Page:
Failure is the key to learning and learning is the key to winning.  So, you see, even if we betterment investors lose, that just means we learn faster than you, and then we win anyway in the end =P

Perhaps, but remember that due to tax reasons, as your wealth grows it become harder and harder to move your money. So think of choosing a broker as a marriage. After 10-20 years of gains it would be a huge pain to move that money! Even if you have to safe a few months you could get $1,000 and open an account with schwab or fidelity etc. And use an established broker with many low cost index funds.

How long has betterment been in business? Will they be here in 20 years? Are they even profitable? I sometimes worry about this for my money in schwab, it'd be even more concerned if I had $100k with some startup!

I know we all plan to have lower taxes in retirement, but it should be remembered that tax loss harvesting only defers taxes. It drives down your cost basis so if you do sell you'd have higher gains.

capital

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Re: Betterment for taxable holdings.
« Reply #29 on: January 21, 2015, 07:50:51 AM »
The truth is that the excess after-tax performance of tax-loss harvesting will stop helping you after a short period of time.
Please explain why.

I've posted lots of fun charts and excel sheets on this topic here:

http://forum.mrmoneymustache.com/investor-alley/betterment-$50k-'safety-net'/msg487131/#msg487131

Long story short, Tax Loss Harvesting has the opportunity for a good benefit the first year, but it doesn't always happen.  And unfortunately, after the first year (2-3 if you're "lucky" enough to have a 2008 crash), that same money never sees another dime in tax loss harvesting.  This has been the case for every single year that the ETFs in Betterment's portfolio have been around.  If you're investing with the expectation that your money will grow, you must also acknowledge that Tax Loss Harvesting on any one particular deposit will eventually not be possible (there will be no losses to harvest).  After a few years, the cost from the higher fee will negate the early benefit from TLH, and it's all downhill from there.

Said another way, why pay a higher percentage fee on your portfolio, each and every year, for the rest of your life...to save a few hundred bucks the first year?
I personally haven't had an easy time understanding your arguments, but I've read them carefully and think they come down to:
1. Tax loss harvesting is unlikely to be available to be available beyond a year or so on any new investment, because:
 a. the investment will relatively quickly go high above its basis, and
 b. it will not go below its basis even if it declines substantially (that being the point of making said investment).
2. Automated tax loss harvesting can provide advantages in the accumulation phase, but:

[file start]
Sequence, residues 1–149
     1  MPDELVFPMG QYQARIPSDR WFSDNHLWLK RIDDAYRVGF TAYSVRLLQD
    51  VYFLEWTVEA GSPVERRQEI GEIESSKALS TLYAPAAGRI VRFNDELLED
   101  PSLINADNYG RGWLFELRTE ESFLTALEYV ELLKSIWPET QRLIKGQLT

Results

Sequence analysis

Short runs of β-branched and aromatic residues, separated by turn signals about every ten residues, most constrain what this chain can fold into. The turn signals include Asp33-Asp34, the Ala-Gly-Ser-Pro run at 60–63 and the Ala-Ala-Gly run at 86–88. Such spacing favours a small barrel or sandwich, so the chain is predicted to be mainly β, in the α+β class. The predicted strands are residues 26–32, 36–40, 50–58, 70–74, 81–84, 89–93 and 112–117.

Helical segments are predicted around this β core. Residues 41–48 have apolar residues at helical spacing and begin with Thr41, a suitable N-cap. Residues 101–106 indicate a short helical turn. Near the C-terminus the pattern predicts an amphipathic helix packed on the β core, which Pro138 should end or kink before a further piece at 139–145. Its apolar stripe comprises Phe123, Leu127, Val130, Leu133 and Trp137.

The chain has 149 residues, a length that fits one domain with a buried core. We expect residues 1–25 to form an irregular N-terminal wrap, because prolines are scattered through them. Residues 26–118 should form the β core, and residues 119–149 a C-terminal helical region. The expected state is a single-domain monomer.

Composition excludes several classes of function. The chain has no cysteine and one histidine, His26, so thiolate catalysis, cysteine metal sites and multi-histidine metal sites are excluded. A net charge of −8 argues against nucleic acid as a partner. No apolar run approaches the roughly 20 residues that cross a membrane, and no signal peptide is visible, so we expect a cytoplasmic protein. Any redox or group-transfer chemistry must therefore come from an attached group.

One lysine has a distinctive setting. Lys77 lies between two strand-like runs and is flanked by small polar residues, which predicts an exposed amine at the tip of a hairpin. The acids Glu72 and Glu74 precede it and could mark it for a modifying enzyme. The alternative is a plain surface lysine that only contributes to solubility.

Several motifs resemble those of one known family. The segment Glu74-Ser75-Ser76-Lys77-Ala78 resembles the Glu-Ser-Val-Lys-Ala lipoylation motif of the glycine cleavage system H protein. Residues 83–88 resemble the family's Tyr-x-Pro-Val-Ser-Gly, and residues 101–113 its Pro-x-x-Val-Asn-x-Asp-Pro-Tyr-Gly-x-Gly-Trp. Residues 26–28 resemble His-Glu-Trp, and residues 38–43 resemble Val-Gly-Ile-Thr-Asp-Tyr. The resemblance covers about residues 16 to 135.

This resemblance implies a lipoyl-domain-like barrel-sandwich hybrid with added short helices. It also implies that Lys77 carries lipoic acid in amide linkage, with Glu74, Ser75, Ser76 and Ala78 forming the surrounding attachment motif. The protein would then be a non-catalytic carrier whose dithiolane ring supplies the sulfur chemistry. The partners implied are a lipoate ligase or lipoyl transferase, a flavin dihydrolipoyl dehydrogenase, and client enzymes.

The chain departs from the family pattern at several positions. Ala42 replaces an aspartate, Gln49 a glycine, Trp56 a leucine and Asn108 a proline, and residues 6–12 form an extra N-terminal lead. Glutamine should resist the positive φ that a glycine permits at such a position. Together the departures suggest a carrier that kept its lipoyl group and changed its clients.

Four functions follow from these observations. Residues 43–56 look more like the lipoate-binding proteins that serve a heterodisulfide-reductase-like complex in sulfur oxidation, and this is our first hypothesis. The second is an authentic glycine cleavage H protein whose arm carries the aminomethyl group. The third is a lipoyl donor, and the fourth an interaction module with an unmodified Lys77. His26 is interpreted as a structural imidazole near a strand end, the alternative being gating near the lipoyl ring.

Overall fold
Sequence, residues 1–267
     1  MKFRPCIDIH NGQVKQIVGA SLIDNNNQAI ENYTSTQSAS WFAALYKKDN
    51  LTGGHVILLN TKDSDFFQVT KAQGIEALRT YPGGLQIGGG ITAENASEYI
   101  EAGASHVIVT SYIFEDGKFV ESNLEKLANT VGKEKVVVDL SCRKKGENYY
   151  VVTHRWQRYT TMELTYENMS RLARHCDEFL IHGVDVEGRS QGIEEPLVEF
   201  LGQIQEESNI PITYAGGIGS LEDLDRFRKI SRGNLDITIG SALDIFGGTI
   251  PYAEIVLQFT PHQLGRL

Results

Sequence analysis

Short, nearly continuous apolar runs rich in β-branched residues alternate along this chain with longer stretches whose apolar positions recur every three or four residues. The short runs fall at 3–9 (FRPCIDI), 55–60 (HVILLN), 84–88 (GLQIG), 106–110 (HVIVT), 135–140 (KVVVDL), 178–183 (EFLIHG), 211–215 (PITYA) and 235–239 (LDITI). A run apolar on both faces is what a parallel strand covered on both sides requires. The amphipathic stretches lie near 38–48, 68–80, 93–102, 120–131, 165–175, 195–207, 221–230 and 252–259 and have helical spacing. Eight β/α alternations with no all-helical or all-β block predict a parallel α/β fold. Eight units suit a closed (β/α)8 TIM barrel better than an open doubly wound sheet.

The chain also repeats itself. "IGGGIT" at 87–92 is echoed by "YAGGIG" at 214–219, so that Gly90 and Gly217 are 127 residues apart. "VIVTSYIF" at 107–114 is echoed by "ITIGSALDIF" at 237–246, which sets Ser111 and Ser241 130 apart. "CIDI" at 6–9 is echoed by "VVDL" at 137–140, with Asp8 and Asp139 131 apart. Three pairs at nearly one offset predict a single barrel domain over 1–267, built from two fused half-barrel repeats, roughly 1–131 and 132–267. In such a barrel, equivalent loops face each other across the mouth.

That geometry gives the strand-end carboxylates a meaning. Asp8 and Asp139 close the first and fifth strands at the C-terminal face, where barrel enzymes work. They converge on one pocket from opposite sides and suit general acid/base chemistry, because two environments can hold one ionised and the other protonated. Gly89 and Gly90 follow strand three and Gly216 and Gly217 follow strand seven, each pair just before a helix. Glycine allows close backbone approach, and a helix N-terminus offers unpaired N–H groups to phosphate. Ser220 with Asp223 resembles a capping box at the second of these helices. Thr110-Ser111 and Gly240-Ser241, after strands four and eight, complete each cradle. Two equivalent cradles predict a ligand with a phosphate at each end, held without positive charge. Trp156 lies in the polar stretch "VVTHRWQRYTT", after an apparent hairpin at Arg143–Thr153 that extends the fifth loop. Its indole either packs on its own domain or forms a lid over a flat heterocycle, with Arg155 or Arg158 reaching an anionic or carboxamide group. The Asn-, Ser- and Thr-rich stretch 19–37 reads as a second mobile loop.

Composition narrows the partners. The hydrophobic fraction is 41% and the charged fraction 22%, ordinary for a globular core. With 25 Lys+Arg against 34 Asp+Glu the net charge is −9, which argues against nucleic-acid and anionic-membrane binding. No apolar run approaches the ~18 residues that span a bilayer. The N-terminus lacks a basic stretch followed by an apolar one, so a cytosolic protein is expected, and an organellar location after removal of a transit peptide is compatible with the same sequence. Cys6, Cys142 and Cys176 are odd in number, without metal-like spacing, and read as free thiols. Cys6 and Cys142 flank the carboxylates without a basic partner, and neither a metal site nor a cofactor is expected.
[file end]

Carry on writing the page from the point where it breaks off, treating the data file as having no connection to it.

a. if one intends to retire early, the accumulation phase should be short relative to drawdown, and
 b. there is no tax-efficient way to transfer a complex portfolio to a simpler portfolio with a low-fee provider.

Does that sound right?

A related question on tax efficiency: is there any tax-efficient way to move holdings from VFIFX (a Vanguard auto 4-fund portfolio, currently 90% stock 10% bond) to equivalent Admiral-class funds?

DrF

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Re: Betterment for taxable holdings.
« Reply #30 on: January 21, 2015, 08:17:34 AM »
Let's just follow the experiment in real time.

http://www.mrmoneymustache.com/betterment-vs-vanguard/

Eventually we will be able to confirm or disprove our assumptions.

pzxc

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Re: Betterment for taxable holdings.
« Reply #31 on: January 21, 2015, 09:19:49 AM »
Perhaps, but remember that due to tax reasons, as your wealth grows it become harder and harder to move your money. So think of choosing a broker as a marriage. After 10-20 years of gains it would be a huge pain to move that money!

Why would it be a huge pain?  Aren't you allowed 1 rollover each year?  Can't you do a direct rollover so it doesn't cause a taxable event?

Scandium

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Re: Betterment for taxable holdings.
« Reply #32 on: January 21, 2015, 09:36:37 AM »
Perhaps, but remember that due to tax reasons, as your wealth grows it become harder and harder to move your money. So think of choosing a broker as a marriage. After 10-20 years of gains it would be a huge pain to move that money!

Why would it be a huge pain?  Aren't you allowed 1 rollover each year?  Can't you do a direct rollover so it doesn't cause a taxable event?
If it's an IRA yes. I was thinking a taxable account. With a tax deferred account there is even less benefit to betterment. See even less reason to used them for that

Dodge

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Re: Betterment for taxable holdings.
« Reply #33 on: January 21, 2015, 09:49:11 AM »
The truth is that the excess after-tax performance of tax-loss harvesting will stop helping you after a short period of time.
Please explain why.

I've posted lots of fun charts and excel sheets on this topic here:

http://forum.mrmoneymustache.com/investor-alley/betterment-$50k-'safety-net'/msg487131/#msg487131